Saturday, August 29, 2015

A Tale of Two Conventions

I was in the lunchroom at work after coming back from Spokane the previous week, when one of the employees that works in the department I oversee asked me, “Did you have fun at Comic-Con?”  

"Comic-Con was in July," I told her.  "I went to WorldCon last week." 
"Oh.  What's the difference?"  
Huh.  A lot, I thought.  But, how do I express it...?
Every "Convention Season," which runs for the most part from April to November each year, I make a point of always going to Comic-Con and WorldCon.  There are other conventions that I've been to.  AnimeExpo, which is at the Los Angeles Convention Center these days, focuses on cartoons, or anime, and comic books, or manga, imported from or inspired by Japanese work, is one I've been to a few times.  Westercon is a regional science fiction convention, held in a different city each year in western North America, I went to once when it was in my home town of Pasadena.  WonderCon, which is run by the same people that run Comic-Con, is one I've gone to each April since it moved from San Francisco to the Anaheim Convention Center a few years ago.  I'll be going to the Long Beach Comic-Con in September for the first time to check it out.
But Comic-Con and WorldCon have been the two I "Have To" go to each year for the past decade.  They each satisfy a different part of my psyche.  
Comic-Con is the bigger and more well known to the general public of the two, though WorldCon is much older.  About 130,000 people go each year.  And though its name points to its origins as a comic book convention, what you can find there is much, much broader than that.  Movies, TV shows and video games now dominate the big ticket items you go to see at Comic-Con.  And they're not all strictly related to comic books, or even science fiction, any more.  The convention refers to itself as one for "popular arts," and that pretty much says it.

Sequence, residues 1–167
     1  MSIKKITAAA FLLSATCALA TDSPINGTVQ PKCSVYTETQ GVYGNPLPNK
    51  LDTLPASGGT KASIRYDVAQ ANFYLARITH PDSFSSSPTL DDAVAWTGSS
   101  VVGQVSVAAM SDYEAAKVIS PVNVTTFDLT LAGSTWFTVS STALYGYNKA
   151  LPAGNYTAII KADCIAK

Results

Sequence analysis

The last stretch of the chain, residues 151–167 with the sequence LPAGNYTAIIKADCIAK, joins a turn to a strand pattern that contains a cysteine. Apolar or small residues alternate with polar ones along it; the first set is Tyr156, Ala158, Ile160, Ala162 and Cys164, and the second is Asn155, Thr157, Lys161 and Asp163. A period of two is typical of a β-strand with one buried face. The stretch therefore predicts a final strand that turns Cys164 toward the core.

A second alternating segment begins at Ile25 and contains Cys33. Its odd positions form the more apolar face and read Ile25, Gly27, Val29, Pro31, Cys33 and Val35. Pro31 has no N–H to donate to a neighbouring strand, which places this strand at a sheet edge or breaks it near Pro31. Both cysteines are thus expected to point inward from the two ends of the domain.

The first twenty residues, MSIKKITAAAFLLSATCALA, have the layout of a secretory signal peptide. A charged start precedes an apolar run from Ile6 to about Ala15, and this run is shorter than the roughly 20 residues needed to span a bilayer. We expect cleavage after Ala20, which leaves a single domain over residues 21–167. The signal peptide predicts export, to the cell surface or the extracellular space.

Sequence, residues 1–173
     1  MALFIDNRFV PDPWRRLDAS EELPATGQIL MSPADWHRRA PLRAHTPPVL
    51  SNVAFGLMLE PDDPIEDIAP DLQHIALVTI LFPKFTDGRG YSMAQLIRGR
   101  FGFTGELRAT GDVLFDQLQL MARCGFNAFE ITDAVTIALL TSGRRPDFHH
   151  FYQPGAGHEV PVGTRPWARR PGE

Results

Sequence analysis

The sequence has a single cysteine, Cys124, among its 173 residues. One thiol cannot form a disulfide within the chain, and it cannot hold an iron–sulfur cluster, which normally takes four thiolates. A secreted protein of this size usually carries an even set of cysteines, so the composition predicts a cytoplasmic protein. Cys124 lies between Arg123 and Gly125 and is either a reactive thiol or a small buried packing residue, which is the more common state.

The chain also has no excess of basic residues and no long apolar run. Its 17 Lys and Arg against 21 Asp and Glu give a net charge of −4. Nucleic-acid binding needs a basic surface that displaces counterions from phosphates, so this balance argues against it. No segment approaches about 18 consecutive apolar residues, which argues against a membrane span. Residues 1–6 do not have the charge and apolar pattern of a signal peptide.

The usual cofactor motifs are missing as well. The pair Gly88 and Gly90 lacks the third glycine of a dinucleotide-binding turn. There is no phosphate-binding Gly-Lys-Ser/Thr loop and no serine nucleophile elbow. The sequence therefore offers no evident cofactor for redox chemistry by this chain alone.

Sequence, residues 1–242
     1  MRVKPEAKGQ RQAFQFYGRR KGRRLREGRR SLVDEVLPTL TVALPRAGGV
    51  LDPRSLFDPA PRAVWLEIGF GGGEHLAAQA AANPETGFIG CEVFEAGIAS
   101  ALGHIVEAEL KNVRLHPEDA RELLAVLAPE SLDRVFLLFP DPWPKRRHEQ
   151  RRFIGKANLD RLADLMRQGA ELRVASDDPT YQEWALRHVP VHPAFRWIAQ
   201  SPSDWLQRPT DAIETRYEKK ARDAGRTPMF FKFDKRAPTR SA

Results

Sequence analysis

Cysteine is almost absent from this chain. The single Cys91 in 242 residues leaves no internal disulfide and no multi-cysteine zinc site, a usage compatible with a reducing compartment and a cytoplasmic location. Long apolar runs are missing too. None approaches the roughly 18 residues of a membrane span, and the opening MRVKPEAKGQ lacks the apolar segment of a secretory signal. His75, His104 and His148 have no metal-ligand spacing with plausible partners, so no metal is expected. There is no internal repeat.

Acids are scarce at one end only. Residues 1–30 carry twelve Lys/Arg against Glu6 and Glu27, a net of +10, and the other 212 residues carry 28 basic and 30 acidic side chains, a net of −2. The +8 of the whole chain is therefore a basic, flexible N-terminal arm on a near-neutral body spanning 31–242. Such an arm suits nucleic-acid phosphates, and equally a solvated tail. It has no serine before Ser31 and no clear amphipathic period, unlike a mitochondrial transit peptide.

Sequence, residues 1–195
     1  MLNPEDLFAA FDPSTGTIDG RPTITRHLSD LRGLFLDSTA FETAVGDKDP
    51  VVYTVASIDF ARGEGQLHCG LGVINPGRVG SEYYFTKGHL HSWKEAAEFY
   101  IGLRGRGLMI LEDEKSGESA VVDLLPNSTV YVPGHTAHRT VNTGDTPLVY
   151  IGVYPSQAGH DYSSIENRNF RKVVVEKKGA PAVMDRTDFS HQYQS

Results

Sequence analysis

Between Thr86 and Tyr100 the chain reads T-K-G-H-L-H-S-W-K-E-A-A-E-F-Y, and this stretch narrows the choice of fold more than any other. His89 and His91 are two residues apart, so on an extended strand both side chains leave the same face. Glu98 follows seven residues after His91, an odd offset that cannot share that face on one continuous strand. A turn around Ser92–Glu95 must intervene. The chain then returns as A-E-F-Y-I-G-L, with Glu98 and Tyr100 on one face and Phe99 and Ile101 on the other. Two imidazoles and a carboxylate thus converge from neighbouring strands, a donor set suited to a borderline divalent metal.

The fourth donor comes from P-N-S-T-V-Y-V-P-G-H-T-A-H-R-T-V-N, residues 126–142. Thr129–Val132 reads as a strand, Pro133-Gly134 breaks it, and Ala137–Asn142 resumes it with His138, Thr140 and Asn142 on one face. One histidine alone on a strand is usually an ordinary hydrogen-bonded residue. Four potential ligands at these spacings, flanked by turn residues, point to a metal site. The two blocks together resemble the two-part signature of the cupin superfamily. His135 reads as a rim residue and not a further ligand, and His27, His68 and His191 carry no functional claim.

I started going to Comic-Con when I was writing and publishing my comic book stories and continued to go when my focus returned to writing science fiction and fantasy stories and novels more or less out of habit.  There was a few years where I questioned if there was any reason for me to continue going.  I think there is.  
WorldCon was first held in 1939, and every year since the end of World War Two.  It is run by an organization called the World Science Fiction Society and is held in a different city somewhere in the world each year.  Since I started attending in 2007, I've been to places like Yokohama, Montreal, Melbourne and London.  One of the reasons I enjoy going to WorldCon is because of the opportunity to go to places I did not think I'd have a chance to go to when I was younger.  In 2017, the convention will be in Helsinki, Finland for the first time.  That should be an interesting trip.  
WorldCon is a smaller convention that Comic-Con.  There are usually about three to five thousand attendees, depending on where it is being held.  There is a fluctuating number of "associate members," people who are members but are not attending the convention itself.  My impression is that they pay for associate membership to support the convention's continuation and to give themselves the chance to vote on the Hugos, the awards handed out at each WorldCon to celebrate the best work in a number of categories from the previous year.  Comic-Con has the Eisner awards to celebrate the best work in the field of comic books from the previous year, its strongest tie to its past as a purely comic book convention.  
The difference is more than just size and age, though.  
Comic-Con is as glitzy as it is big.  It's presentational.  There is a distinction between Performer and Audience there.  The biggest events are related to some presentation of the most popular TV show, or the biggest blockbuster that is about to come out.  People will wait in line overnight for a chance to entry Hall H, or Ballroom 20, the two largest presentation areas at the convention center, to get a chance to be the first to hear about the next season of their favorite show, or hear the big secret announcement about everyone is talking about online.